Local View: Celebrate that federal act is finally offering climate hope
From the column: "Please remember the notable events and people in the decades-long struggle against fossil fuel’s devastating, global warming-causing greenhouse-gas emissions."
Up to $1,800 in annual energy savings for the average American homeowner are in the new Inflation Reduction Act, according to Rewiring America .
The act is an enormous accomplishment with many important long-term benefits for all Americans, including lowered health care costs, requiring corporations and the rich to pay a fairer share of taxes, and lowering our national debt.
Most importantly, it is a watershed moment where one party in Congress chose to address the climate crisis by reducing U.S. greenhouse-gas emissions 40% by 2030. This will be accomplished by incentivizing the innovations and investments necessary for our 21st-century, renewable-energy economy and by enabling net-zero carbon emissions by 2050. These goals are critical to the future of humanity and all living things sharing our planet.
The act’s important climate features, according to Senate Democrats , include major clean-energy investments; major tax credits and rebates for purchasing new and used electric vehicles, solar panels, and efficient heating and cooling systems and home appliances; major help for communities suffering the most from pollution; and the creation of millions of green-economy jobs
Please remember the notable events and people in the decades-long struggle against fossil fuel’s devastating, global warming-causing greenhouse-gas emissions. Human misery has been detailed in countless news stories about droughts, fires, destroyed crops, dead livestock, barren farmlands, and starving families. There have been images of heat waves, hurricanes, tornadoes, flooding, and devastated communities.
We’ve heard of people who have lost their livelihoods, homes, possessions, and loved ones; of refugees on miserable marches or clinging to boats, making desperate journeys to support their families after their lands have gone barren from drought they did not cause; and of endangered animals of all species threatened by environmental damage and forest fires, resulting in their displacement, starvation, and threat of extinction.
Recall our 65-year environmental history and the people dedicated to addressing climate change.
In 1958, Charles David Keeling developed a means of measuring accumulating atmospheric carbon dioxide.
In 1962, Rachel Carson ’s landmark book, “Silent Spring,” raised the alarm that our fragile environment, critical to human existence, is vulnerable to our actions.
In 1968, the first photos from space showed the isolated, small, blue-and-white marble, Earth, home to all life we know and to the realization that there is no “Planet B” to rescue us.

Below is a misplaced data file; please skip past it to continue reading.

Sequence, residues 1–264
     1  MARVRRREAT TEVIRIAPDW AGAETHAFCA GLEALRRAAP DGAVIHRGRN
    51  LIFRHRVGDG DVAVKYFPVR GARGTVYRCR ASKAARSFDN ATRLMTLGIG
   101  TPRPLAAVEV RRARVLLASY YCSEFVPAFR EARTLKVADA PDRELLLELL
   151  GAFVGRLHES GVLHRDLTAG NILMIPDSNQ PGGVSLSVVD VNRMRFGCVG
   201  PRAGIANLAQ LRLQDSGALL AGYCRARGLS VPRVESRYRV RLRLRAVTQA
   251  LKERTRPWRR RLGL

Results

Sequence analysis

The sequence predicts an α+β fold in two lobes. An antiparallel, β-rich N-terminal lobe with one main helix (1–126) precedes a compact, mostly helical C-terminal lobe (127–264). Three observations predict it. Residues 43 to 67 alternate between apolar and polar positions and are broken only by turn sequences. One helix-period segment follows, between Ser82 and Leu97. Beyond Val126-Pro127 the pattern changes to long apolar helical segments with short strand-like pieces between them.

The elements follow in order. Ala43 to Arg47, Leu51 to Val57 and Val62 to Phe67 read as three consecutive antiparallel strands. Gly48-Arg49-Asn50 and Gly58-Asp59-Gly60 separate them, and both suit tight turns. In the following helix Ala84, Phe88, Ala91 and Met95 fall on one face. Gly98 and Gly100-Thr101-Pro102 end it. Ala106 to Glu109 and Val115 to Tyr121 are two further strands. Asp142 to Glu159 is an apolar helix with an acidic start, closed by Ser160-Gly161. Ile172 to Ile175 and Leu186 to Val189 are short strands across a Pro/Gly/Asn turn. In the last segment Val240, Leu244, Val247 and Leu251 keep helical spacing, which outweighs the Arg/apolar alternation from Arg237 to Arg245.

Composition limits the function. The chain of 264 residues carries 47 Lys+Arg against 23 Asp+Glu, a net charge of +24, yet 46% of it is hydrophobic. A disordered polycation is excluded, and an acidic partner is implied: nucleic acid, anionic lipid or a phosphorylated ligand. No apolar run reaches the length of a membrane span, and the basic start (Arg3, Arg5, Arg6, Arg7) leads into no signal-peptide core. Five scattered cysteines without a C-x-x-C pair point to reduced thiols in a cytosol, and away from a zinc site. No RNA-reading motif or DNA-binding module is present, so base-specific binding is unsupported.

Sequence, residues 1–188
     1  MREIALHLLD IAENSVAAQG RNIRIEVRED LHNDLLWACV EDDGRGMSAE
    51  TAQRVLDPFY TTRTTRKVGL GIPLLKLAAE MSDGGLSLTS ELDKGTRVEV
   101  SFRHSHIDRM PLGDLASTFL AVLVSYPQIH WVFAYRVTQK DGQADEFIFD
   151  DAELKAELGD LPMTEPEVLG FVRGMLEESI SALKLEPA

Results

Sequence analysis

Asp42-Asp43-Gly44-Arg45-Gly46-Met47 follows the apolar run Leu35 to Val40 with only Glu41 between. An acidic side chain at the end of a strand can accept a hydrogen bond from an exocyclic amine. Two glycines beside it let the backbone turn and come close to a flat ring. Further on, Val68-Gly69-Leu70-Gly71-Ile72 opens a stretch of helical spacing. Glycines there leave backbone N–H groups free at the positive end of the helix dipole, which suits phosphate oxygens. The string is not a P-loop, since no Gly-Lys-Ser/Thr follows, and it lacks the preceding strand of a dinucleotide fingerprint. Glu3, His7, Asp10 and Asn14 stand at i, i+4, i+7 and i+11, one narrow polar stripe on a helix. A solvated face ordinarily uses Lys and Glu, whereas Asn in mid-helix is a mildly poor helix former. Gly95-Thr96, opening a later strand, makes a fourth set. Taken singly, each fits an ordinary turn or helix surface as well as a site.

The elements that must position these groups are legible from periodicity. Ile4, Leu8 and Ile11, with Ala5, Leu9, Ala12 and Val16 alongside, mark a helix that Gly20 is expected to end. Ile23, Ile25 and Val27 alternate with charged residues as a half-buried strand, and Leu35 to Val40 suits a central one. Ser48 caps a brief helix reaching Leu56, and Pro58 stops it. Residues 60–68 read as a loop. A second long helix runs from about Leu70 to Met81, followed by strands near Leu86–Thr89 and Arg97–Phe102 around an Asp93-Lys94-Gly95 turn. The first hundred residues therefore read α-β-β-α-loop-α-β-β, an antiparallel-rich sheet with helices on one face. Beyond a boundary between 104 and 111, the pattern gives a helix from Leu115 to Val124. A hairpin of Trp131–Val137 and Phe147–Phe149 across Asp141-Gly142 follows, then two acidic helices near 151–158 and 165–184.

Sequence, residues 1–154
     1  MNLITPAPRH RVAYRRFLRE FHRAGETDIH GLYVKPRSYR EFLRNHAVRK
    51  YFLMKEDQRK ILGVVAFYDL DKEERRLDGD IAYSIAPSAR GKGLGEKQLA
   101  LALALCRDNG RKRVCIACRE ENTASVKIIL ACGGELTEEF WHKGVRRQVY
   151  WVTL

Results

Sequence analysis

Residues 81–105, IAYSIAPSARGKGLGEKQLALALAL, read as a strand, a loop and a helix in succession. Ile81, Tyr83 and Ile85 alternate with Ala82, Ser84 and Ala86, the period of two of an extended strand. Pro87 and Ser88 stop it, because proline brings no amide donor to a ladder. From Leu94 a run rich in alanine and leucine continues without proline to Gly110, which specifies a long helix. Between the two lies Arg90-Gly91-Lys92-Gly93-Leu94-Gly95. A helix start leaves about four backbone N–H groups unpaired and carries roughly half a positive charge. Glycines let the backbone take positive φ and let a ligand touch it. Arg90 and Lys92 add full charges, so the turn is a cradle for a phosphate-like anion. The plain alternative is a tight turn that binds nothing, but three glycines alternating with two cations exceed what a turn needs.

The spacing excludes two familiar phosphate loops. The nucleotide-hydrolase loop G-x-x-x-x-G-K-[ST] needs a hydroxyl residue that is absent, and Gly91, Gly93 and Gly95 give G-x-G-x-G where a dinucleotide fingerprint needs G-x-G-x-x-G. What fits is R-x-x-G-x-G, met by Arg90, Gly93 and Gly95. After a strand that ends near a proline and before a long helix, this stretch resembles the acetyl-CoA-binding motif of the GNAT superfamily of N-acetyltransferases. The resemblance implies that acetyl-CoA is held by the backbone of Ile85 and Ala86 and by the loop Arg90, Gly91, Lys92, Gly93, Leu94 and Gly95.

In 1969, oil spills off the coast of Santa Barbara, California, foreshadowed 1989’s Exxon Valdez environmental disaster and the massive tragedy that affected New York’s Love Canal from unregulated industrial pollution that damaged many lives.
The first Earth Day was celebrated in 1970, with Americans nationwide protesting the threat to our air and waters. Republican President Richard Nixon signed the landmark Clean Air Act of 1970 and Clean Water Act of 1972.
In 1987, the U.S. joined the international Montreal treaty that banned global ozone-depleting substances. It resolved the ozone-layer crisis but inadvertently worsened global warming by substituting refrigerant chemicals with severe greenhouse-gas effects.
James Hansen delivered his watershed congressional testimony, in which he stated, "The greenhouse effect has been detected, and it is changing our climate now,” in 1988.
In 2006, Vice President Al Gore’s work advancing climate awareness from his initial congressional global warming hearings led to his film, “An Inconvenient Truth,” and subsequent climate action.
Countless inspiring climate leaders from diverse backgrounds, countries, and experiences — well represented by courageous15-year-old Greta Thunberg — organized the school climate-strike movement in 2018.
Americans should celebrate and thank those concerned people, friends, and colleagues who spent untold hours and energy focusing attention on climate solutions. We can also express gratitude to Sens. Tina Smith and Amy Klobuchar of Minnesota and their staffers for the extraordinary contributions and tireless work that helped to create and pass the Inflation Reduction Act.
The bill is not perfect, but it offers hope for eventual victory over the climate crisis and for a livable world for our children.
Mike Overend of Two Harbors is a volunteer for the Minnesota Northland Chapter of the Citizens’ Climate Lobby.